I popped them into a 425-degree F oven and let them bake for 12 minutes. I let them cool in the pan for about 10 minutes.

Then, I dropped them into a paper grocery bag two at a time with some powdered sugar and shook and shook until they were well coated. Honestly, this happened really quickly (a few shakes at most). It was the most fun part of donut-making by far.

Everyone at work loved them, and I can’t wait to try new and different flavors. I always love when a book leads me a recipe I can use over and over again 🙂 Hope you enjoy!

Baked Powdered Sugar Donuts

  • Servings: 10
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Ingredients

  • 1¼ cups cake flour (see notes)
  • ¾ cup granulated sugar
  • 1¼ tsp baking powder
  • ¼ tsp salt
  • 1 large egg
  • ¼ cup milk
  • 1 tsp vanilla extract
  • 3 Tbsp unsalted butter, melted
  • 3 Tbsp heavy cream
  • 1 cup powdered sugar, for coating baked doughnuts

Directions

  1. Preheat oven to 425°F. Lightly grease doughnut pan; set aside.
  2. In a medium bowl, add all of the dry ingredients (cake flour, granulated sugar, baking powder and salt). Stir until well mixed.
  3. In a separate bowl, whisk together the egg, milk, vanilla extract, melted butter and heavy cream.
  4. Add the liquid ingredients to the dry ingredients; stir until just mixed.
  5. Spoon or pipe the batter into the greased doughnut pan. (Tip: Fill each doughnut circle about half full of batter.)
  6. Bake at 425°F for 12-14 minutes, or until doughnuts begin to turn golden brown on the edges.
  7. Let doughnuts cool in the pan.
  8. Place powdered sugar in paper bag. Once doughnuts have cooled, shake doughnuts (one at a time) in the bag with the powdered sugar until well coated. Tap off any excess powdered sugar. Repeat with remaining doughnuts. Serve immediately. (Note: If you plan on serving these doughnuts later, store them uncoated in an airtight container. Shake them in powdered sugar just before serving.)

From: Spiced Blog

If you don’t have cake flour, which I didn’t, and don’t want to buy some just for this recipe, it’s easy to make your own with all-purpose flour. For each cup of flour you need, take 1 cup of all-purpose flour, remove 2 TBSP and replace with 2 TBSP of cornstarch. Mix well to ensure it’s combined. I used 1½ cups flour with 3 TBSP for this recipe (and discarded the remaining ¼ cup).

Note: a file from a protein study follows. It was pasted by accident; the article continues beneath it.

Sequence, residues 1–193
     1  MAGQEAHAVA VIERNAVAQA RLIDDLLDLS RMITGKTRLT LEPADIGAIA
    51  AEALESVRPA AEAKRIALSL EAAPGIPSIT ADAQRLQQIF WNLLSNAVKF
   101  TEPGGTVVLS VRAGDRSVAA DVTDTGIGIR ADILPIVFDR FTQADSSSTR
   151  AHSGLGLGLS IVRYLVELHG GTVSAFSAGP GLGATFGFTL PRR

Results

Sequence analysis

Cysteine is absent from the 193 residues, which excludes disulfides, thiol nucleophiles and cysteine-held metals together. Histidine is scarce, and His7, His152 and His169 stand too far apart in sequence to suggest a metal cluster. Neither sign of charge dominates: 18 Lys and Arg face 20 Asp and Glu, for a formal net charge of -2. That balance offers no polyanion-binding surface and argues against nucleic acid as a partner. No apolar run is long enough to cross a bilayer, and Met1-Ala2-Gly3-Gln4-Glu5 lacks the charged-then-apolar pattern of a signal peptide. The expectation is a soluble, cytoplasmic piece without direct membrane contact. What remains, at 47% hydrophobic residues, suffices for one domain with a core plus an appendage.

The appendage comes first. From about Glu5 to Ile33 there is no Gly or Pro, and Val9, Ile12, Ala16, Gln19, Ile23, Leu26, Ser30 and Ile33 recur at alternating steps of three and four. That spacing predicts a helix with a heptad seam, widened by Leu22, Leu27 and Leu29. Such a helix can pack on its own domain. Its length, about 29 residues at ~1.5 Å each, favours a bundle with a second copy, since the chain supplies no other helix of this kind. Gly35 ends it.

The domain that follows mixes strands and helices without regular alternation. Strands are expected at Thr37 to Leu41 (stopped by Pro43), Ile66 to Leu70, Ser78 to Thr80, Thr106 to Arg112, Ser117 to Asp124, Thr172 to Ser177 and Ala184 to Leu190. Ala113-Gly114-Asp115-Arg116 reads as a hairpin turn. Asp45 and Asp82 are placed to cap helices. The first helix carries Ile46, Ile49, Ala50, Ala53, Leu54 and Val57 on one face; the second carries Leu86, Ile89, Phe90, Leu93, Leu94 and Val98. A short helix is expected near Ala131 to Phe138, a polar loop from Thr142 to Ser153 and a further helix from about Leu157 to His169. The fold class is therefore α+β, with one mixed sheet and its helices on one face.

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book review, recipe

Housekeeping + Poached Eggs on Mushroom Arugula Toast

Marilynne Robinson is perhaps best known for her Gilead series, of which the first novel was published to much acclaim about 25 years after the book I’m here to share today, Housekeeping. This novel is understated, following sisters Ruth and Lucille, as they are left in the quiet, flood-prone town of Fingerbone to live in their grandmother’s house.

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After their grandmother dies, the house is passed on to two great aunts who move in to take care of Ruth and Lucille, though they seem to doubt their abilities to do so. Late one evening, the girls’ Aunt Sylvie appears, seemingly unaware of her mother’s passing. She is greeted with surprise and a quick meal of poached eggs.  

Eventually, Sylvie becomes the girls’ caretaker, though she isn’t much for mothering, cooking or housekeeping, instead piling up cans and newspapers in the living room, preferring to eat her food cold and allowing the girls to skip school. Her transient ways leave her restless in the house. In response, Lucille seeks out a more normal childhood; Ruth can’t help but be drawn in, with implications that last their whole lives.

Shortly after Sylvie takes up permanent residence, a flood seeps into Fingerbone, covering the town with water and dampening everything, including her spirits. So, I thought some local mushrooms, which require a damp environment to grow well, would pair nicely with the poached eggs Sylvie ate upon her arrival. This weekend’s brunch was Poached Eggs on Mushroom Arugula Toast.

First, I roughly chopped my mushrooms (so nicely picked up by Scott at Eastern Market on Saturday morning) and my flat leaf parsley.

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I set a high-sided skillet mostly filled with water onto the stove to begin coming to a boil for the poached eggs. In another medium skillet, I heated through a tablespoon or so of olive oil and added the mushrooms. After a few minutes, when they were lightly browned and softened, I added the minced garlic and a pinch of red pepper flakes.

About a minute later, I added the goat cheese and milk and stirred until combined. I seasoned with salt and black pepper before adding the butter. At this point, I turned off the heat because my poaching water was ready to go. I also slipped my bread into the toaster.

I poured approximately 2 tablespoons of vinegar into my softly boiling water (vinegar will vary based on the amount of water, but for about 3 inches of water in a 10” pan, 2 tablespoons worked perfectly). I started with 2 eggs and cracked each into its own small bowl, lowering them one at a time into the water so that a bit of the water could seep in and help to start setting the egg white. I slowly poured the egg into the boiling water and used a wooden spoon to “collect” the egg whites around the yolk. I repeated with the second egg and set a time for 3 minutes.